Emergency response scales up as conflict in Sudan escalates after two months of fighting

21 Jun 2023

Since fighting broke out in Sudan more than two months ago, thousands of people have fled the raging conflict and violent attacks, seeking refuge in neighbouring countries.

Médecins Sans Frontières (MSF) teams are on the ground increasing the emergency response and supporting local health providers as the number of refugees and their needs increases every day. 

Flooding threatens access to care in Chad 

The arrival of the rainy season is expected to have devasting consequences for these refugees, who may not be able to access vital medical humanitarian assistance when roads flood. 

Neighbouring countries like Chad, Central African Republic (CAR) and South Sudan already have stretched healthcare systems, so a coordinated effort is critical to address the needs of the thousands arriving to seek refuge. 

More than 100,000 people have crossed the border into Chad since the start of the fighting in Sudan. We fear that with the coming rainfall, people in this area will be trapped and forgotten, with no access to critical lifesaving services.

Audrey van der Schoot
Head of Mission in Chad

In response, MSF started an emergency project with health authorities in Sila region, running mobile clinics to reach Sudanese refugees, Chadian returnees and host communities in Andressa and Mogororo refugee sites. The clinics provide screening and treatment of acute malnutrition, sexual and reproductive healthcare and referrals for secondary healthcare.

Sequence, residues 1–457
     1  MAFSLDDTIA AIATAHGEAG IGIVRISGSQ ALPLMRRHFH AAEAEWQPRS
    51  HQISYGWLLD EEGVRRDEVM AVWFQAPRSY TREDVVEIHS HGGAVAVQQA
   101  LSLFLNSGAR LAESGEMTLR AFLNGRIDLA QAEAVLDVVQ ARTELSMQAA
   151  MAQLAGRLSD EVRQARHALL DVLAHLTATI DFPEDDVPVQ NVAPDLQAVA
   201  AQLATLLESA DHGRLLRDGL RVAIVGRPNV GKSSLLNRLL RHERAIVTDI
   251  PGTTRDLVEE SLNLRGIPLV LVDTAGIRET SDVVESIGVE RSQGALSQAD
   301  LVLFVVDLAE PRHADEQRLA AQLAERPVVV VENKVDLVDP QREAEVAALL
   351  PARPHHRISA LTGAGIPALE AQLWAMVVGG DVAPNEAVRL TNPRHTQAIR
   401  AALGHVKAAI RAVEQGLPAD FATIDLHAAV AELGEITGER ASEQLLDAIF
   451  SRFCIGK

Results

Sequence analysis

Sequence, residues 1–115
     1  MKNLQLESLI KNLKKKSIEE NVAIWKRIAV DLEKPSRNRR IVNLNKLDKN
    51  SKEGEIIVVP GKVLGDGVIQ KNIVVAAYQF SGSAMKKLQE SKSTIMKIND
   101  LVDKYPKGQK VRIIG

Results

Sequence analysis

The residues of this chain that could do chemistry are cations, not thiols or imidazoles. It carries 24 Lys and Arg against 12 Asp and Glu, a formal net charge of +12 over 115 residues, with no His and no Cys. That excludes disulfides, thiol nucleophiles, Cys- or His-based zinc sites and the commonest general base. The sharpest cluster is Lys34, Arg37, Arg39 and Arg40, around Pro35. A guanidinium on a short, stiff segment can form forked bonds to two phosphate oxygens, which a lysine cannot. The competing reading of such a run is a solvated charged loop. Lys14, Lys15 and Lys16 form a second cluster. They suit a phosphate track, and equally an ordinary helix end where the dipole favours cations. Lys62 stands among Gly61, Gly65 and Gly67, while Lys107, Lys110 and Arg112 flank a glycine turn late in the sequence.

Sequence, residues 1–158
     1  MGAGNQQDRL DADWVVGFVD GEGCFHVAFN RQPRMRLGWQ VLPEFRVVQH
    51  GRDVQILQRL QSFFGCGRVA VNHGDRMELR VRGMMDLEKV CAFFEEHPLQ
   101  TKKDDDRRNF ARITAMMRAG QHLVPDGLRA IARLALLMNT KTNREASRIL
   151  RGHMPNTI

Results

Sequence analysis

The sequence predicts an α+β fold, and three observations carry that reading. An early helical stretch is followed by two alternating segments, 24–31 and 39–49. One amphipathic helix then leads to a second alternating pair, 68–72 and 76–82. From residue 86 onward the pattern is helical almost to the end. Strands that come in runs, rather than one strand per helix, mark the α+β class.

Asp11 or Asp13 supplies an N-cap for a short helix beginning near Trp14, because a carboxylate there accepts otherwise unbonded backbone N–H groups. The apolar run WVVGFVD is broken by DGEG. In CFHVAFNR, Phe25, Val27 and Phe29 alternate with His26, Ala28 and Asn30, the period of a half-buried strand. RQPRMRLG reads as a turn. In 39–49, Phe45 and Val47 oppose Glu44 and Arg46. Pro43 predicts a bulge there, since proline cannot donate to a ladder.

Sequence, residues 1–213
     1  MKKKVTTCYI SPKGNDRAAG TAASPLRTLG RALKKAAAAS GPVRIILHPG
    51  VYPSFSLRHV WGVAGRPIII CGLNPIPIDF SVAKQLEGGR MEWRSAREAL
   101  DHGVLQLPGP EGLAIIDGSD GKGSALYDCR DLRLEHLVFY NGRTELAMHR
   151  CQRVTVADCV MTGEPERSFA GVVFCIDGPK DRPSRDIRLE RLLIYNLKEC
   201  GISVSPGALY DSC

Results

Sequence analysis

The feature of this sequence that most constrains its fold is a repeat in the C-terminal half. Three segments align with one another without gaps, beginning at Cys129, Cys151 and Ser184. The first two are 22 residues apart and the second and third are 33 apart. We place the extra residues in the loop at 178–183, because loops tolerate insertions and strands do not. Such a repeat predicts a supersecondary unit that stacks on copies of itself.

In just three weeks, medical teams treated 1,460 patients, the majority are children suffering from malnutrition, respiratory infections, acute watery diarrhoea and malaria; all of which are associated with their precarious living conditions. More than 600 war-wounded Sudanese arrived in just three days, seeking urgent medical care. 


An MSF pharmacist at the mobile clinic opened at Andressa school to provide medical care to Sudanese refugees and host communities in Sila province. After their consultations, patients refer to him to receive free medication and explanations on how to use them. © Johnny Vianney Bissakonou/MSF

Women and children travel weeks to reach care in CAR 

Sudanese refugees are fleeing to the northern part of Central African Republic (C.A.R.). More than 80 per cent of these refugees are women and children, as many men stayed in Sudan to fight. One mother told us that she had made the journey with her children from Khartoum, which took more than two weeks over 1,000 kilometres. 

Everyone arrives exhausted from Sudan, and many of the children are ill.

Issa Mousa
Deputy head of mission

At the beginning of June, the Central African government started relocating refugees from Am Dafok an area near the border to the town of Birao, which is more stable, about 65 kilometers away. With the rainy season looming, this move needed to happen as soon as possible, otherwise the road between the two sites could become inaccessible from flooding.